Alexander Treiger, assistant professor

A day in the life

Alexander Treiger, assistant professor

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A background in Religious Studies is crucial to a wide range of careers. It gives access to ideas and practices that enrich our understanding of society, politics, history, and human life.

Engaging with meaningful questions

“Religious Studies is a fascinating subject—we’re dealing with the most meaningful questions there are,” says Alexander Treiger. “For centuries, religious thinkers, philosophers, poets, and ordinary human beings have been engaged with these questions, and they still are—those questions aren’t likely to go away.”

Even if those questions seem to go away, they always return. In the late 1980s, as a teenager in St. Petersburg, Russia (then Leningrad, USSR), Dr. Treiger discovered a new journal called Science and Religion. It published translations of the Qur’an, apocryphal gospels, Jewish legends, and Zen koans. His interest was sparked.

“During Perestroika years, people suddenly started talking about religion,” he says. “Before, unless you had a critical or even bashing point of view, it couldn’t be discussed.”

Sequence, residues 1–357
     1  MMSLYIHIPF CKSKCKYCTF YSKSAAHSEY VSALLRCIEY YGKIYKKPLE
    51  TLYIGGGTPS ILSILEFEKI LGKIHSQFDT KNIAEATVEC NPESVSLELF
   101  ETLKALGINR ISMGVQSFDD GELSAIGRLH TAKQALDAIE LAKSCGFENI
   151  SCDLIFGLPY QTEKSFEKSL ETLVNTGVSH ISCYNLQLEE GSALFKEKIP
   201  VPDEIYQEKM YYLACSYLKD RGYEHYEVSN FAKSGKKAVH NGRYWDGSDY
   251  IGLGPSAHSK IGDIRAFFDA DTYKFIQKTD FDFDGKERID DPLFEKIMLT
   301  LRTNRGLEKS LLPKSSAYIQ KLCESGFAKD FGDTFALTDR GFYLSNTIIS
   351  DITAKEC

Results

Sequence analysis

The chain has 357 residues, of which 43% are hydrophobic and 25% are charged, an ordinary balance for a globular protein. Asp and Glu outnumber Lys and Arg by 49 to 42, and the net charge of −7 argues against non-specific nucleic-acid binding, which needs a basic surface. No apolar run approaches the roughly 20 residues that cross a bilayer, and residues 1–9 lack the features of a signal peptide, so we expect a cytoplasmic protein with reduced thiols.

As an assistant professor in the Religious Studies program since 2008, Dr. Treiger teaches the Introduction to Western Religions course, among several others that deal with Islam, Judaism, and Christianity.

“Teaching Religious Studies has its challenges,” he admits. “This has to do with the controversial nature of some issues—for example, discussing the religious significance of Jerusalem can potentially be a volatile subject.”

How does Dr. Treiger deal with such controversy? “Be as objective as possible, and don’t seem to favour one particular religious standpoint. As long as you come across as objective, people are less likely to pick a fight,” he smiles.

Dr. Treiger says he loves teaching the intro course. It isn’t just the subject matter—his own research deals with Islam and Middle Eastern Christianity—but watching how students respond. “Many students come with no prior knowledge, but as the semester progresses, you see them develop an understanding of rather complex issues.”

Has he ever worried about how useful his discipline is? “Not really,” he says with a smile, adding that students do often ask him about career opportunities. “A background in Religious Studies is an enormous asset in a wide range of disciplines, from psychology to journalism. Anyone who works with people or has anything to do with politics or human societies will find that religion plays a big role.”

According to Dr. Treiger, the relevance is even wider: “It’s meaningful to engage with those big questions no matter what you do in life. The quest for meaning is part of what makes us human. It can only be enriched by probing into the treasures of humanity’s religious heritage.”